Easy Sourdough Starter for smaller families
Usually the sourdough recipes I see are huge and make enough starter to make bread for an army. So I’ve revised a Nourishing Traditions recipe to make smaller amounts, with a few tweaks to ensure ease and success along the way.
a bag of light or dark rye flour, the fresher the better.
clean water (if you have chlorinated tap water let it sit out for 24 hrs before using it to prepare your starter, or just buy natural spring water)
seriously, that’s it.
in a metal or glass bowl
1/2 c. rye flour
1/2 c. water
do this every day for 7 days
add another 1/2 c. rye flour and another 1/2 c. water and stir
If at anytime your mixture gets more thick than soupy and runny, add a bit more water.
This activates natural yeasts that are present on every plant, fruit and in the air. Rye flour has the least amount of some scientific thingy that I can’t spell so it’s better for the yeasts.
Use a new bowl as often as every day, but I don’t bother, I just use a new bowl every week and scrape down the sides with a spatula every day.
In this picture of my starter you can see the bubbles forming as the natural yeasts are activated.
Going away for a bit? No problem. Just put your starter in sealed jars in the refrigerator and resume feeding it and baking with it when you come home as usual.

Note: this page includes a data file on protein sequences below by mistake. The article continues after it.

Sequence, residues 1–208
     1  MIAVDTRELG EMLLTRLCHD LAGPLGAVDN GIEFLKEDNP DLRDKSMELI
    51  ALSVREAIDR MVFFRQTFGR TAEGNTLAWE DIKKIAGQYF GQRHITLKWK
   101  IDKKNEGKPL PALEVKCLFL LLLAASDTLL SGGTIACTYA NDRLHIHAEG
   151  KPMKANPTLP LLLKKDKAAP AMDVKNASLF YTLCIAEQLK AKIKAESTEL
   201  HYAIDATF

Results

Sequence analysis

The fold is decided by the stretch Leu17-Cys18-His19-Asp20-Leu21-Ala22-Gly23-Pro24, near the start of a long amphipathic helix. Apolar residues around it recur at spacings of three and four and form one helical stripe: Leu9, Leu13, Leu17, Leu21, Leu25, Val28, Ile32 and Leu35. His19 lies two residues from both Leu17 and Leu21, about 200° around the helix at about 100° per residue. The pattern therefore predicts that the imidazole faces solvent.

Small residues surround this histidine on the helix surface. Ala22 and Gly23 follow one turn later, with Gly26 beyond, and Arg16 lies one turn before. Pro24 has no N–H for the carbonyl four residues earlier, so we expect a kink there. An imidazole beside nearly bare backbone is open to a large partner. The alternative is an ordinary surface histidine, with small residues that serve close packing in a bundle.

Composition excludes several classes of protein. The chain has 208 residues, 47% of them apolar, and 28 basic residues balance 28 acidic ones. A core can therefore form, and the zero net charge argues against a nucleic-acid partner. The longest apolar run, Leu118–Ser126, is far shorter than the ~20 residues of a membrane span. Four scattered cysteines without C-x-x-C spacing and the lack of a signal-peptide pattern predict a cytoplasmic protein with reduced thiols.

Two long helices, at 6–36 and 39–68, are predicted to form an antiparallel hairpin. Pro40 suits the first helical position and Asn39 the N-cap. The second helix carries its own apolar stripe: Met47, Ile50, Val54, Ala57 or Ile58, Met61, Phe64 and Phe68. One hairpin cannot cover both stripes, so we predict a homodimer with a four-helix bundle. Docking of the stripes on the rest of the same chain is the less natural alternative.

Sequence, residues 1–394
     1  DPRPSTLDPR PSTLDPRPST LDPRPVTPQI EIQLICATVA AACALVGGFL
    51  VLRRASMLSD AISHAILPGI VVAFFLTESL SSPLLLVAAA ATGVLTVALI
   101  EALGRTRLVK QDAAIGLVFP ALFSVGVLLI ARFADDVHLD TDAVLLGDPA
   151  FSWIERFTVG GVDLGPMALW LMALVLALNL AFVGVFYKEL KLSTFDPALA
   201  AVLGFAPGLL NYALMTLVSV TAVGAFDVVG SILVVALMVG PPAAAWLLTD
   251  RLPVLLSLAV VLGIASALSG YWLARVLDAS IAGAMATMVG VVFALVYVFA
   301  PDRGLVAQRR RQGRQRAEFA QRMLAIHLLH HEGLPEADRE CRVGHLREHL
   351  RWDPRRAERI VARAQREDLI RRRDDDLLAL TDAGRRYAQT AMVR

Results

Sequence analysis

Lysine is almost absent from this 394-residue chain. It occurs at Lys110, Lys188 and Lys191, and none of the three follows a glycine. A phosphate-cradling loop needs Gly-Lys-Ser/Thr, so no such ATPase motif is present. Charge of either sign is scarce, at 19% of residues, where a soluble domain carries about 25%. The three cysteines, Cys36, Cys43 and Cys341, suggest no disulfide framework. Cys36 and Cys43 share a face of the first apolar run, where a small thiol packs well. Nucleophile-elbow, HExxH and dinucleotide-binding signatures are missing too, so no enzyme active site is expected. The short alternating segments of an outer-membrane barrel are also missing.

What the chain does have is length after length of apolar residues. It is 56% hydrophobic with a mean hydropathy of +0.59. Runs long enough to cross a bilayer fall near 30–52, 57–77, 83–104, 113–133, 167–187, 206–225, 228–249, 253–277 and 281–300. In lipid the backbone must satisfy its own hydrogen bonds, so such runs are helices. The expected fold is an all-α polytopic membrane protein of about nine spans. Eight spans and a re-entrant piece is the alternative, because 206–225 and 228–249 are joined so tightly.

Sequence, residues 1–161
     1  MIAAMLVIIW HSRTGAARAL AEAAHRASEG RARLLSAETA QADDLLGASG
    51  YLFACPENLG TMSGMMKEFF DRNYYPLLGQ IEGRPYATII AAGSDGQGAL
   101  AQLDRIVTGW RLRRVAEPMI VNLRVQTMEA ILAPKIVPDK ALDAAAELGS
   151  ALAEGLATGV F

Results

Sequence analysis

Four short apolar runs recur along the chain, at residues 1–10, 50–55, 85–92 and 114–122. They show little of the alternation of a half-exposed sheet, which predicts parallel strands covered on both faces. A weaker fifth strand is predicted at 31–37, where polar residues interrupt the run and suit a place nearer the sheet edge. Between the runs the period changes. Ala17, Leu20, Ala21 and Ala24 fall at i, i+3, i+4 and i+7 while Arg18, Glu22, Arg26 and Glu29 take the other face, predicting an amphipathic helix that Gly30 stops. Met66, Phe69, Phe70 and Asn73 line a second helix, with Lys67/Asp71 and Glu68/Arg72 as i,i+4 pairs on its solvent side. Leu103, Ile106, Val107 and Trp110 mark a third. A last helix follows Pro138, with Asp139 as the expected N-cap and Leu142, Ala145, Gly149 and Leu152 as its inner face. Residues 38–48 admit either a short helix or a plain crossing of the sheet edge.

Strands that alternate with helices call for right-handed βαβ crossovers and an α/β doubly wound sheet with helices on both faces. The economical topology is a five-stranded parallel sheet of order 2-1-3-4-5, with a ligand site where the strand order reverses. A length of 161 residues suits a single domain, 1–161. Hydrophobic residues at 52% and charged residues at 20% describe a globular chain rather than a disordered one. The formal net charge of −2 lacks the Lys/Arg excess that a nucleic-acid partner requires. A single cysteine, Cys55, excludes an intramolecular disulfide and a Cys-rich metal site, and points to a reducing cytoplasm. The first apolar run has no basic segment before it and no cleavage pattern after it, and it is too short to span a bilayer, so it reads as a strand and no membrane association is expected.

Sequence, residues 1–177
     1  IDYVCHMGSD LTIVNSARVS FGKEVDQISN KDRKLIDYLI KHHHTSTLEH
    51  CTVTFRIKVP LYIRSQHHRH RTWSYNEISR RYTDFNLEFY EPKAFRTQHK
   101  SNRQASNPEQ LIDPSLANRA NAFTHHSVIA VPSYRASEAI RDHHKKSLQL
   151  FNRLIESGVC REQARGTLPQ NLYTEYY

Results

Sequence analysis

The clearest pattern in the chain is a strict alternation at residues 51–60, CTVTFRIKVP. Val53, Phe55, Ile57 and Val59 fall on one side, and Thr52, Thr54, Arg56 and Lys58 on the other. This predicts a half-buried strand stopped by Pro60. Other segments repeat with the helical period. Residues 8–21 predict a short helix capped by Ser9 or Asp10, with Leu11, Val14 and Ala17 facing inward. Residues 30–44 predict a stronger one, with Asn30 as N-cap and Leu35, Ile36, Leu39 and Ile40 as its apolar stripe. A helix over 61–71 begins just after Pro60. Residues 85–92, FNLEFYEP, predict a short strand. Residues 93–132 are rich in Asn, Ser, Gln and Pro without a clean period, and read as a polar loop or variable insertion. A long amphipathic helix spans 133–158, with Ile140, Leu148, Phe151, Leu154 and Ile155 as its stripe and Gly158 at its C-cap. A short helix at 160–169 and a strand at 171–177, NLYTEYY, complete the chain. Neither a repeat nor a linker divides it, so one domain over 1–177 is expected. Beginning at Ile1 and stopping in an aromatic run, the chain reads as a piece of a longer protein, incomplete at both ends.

Stay tuned for many recipes that use this sourdough starter.
Some recipes are gross. Sometimes I think we need less recipes and more real food.
Recipes are great! I love recipes… but I sort of feel like recipes are for special times.
The rest of the time I think we should just eat whatever we can gather to throw in the pot and stew/soup up. to nourish ourselves. not to necessarily satisify our taste buds that are used to msg, crazy chemical addictive compounds and other super sonic taste sensations. Our taste buds/bodies are in the same boat as the adhd crowd. too much and too much. We don’t know what’s good for us. there’s too many distractions.
I’m all for making things “better” but if “better” includes not being able to recognize real very lightly and home processed food if it bit me in the fat butt? no thanks…. for the most part.
industrialization created a lot of things for good reasons, including food that would last for centuries…. but then, they had so much, they had to market it too… so they started making recipes, recipes, recipes…. recipe cards, recipe commercials, recipes that require weird ingredients…. and… unfortunately, recipes that require certain brand names of products. Recipes that helped you use that cheap “food” that everyone else was raving about. Recipes that make everything taste like you live on Olympus with everything made of nectar of the gods.